One of the key elements of a shop’s follow-up procedure depends on the vehicle inspection process. When the customer brings in his vehicle for service, a technician takes note of items that need service down the road. But are all of these items followed up? Could shop owners be missing out on lucrative repair and maintenance opportunities?
What if there was a CRM software that didn’t let anything fall between the cracks?
That’s exactly what Rui Martins is proposing with his Vehicle Integrity Manager software. We began by digitizing the inspection form, and then programmed a considerable amount of intelligence into the system, says Martins, Executive Vice President at Automotive Aftermarket E-Learning Centre (AAEC). We’ve added pieces that allow shops to contact the client back by email or text message on work that hasn’t been completed.
Inspection forms that are completed on paper have shortcomings. Service advisors may not have the opportunity to input all the items into a POS system. However, with Vehicle Integrity Manager, the electronic inspection form captures all the information, and identifies all the work that’s required.
Also, since the inspection is live, the technician can feed the information to a service advisor. It’s live information, so the service advisor on the front counter can actually be picking up the inspection as it’s happening, says Martins. The estimate process can be done almost instantaneously, as the inspection’s being done. The customer doesn’t have to wait around.
The system also requires technicians list the deficiency as well as the necessary repair. This way, the customer isn’t just advised of the problem or the cause, but also what’s required to correct it, notes Martins.
Additionally, the Vehicle Integration Manager is fully customizable in any way, shape or form. And it can work with different POS systems. The CRM piece allows us to take the deferred work and send the client an email, trying to get the vehicle back into the shop to have that work completed, says Martins.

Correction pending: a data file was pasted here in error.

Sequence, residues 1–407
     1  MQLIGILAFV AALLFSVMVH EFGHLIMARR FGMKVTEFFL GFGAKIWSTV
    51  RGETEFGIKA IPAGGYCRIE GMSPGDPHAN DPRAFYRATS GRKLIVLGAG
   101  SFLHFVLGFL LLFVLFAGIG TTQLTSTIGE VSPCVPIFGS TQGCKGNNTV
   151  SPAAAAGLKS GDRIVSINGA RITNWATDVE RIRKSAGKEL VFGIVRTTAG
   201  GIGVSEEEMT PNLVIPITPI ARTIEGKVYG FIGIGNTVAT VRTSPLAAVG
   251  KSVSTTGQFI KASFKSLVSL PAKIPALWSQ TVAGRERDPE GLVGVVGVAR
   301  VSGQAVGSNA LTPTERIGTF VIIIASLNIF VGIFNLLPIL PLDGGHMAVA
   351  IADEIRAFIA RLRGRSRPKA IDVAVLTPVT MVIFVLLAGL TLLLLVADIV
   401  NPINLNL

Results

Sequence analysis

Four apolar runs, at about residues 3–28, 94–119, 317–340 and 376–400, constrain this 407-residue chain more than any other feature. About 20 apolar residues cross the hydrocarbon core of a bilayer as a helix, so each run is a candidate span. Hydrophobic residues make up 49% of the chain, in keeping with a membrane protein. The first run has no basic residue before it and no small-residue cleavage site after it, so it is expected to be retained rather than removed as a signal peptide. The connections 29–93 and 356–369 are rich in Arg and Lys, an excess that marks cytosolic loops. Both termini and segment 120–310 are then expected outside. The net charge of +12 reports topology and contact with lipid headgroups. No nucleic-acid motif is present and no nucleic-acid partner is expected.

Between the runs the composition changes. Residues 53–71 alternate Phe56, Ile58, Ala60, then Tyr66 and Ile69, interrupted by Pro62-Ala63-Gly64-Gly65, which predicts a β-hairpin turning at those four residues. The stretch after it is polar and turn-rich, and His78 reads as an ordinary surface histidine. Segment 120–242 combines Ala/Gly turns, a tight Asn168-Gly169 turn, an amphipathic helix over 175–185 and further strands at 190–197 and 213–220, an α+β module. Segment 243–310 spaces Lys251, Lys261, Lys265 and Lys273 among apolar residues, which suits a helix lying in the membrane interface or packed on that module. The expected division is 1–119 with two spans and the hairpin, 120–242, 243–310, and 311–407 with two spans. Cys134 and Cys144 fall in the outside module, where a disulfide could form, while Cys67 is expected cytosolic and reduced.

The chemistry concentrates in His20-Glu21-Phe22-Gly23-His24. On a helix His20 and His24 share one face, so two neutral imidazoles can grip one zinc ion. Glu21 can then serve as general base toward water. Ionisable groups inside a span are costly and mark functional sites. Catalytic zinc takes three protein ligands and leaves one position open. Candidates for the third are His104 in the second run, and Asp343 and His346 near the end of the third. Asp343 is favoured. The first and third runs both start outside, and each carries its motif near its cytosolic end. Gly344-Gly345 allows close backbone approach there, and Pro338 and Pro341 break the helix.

The system is mileage based, so that clients are advised of the service they need according to how much they use their vehicles. When each inspection is completed, we record the mileage , and record the amount of time from the previous inspection, explains Martins. Then we apply a formula to calculate how many kilometres a day the vehicle is actually being driven. That’s applied against the intervals, so you can actually monitor what service is required.
For example, if someone is driving 500 kilometres a month as opposed to 6,000 kilometres a month, a shop may still be reminding that person of their oil change every three months. But with the Vehicle Integrity Manager, once the inspection information is processed, it will automatically move up the mileage so the client will be notified of the need for service earlier. It fits very cleanly into what’s coming down the line with telematics, says Martins.
In the telematics world, through GPS and satellite, mileage information is communicated back to the shop management system.
Vehicle Integrity Manager is designed with the future in mind, so that when we move into the telematics world, we’ll actually be able to monitor the mileage on an ongoing basis, to service on demand.
BY KRYSTYNA LAGOWSKI, CarCare Business. February 2014. www.autosphere.ca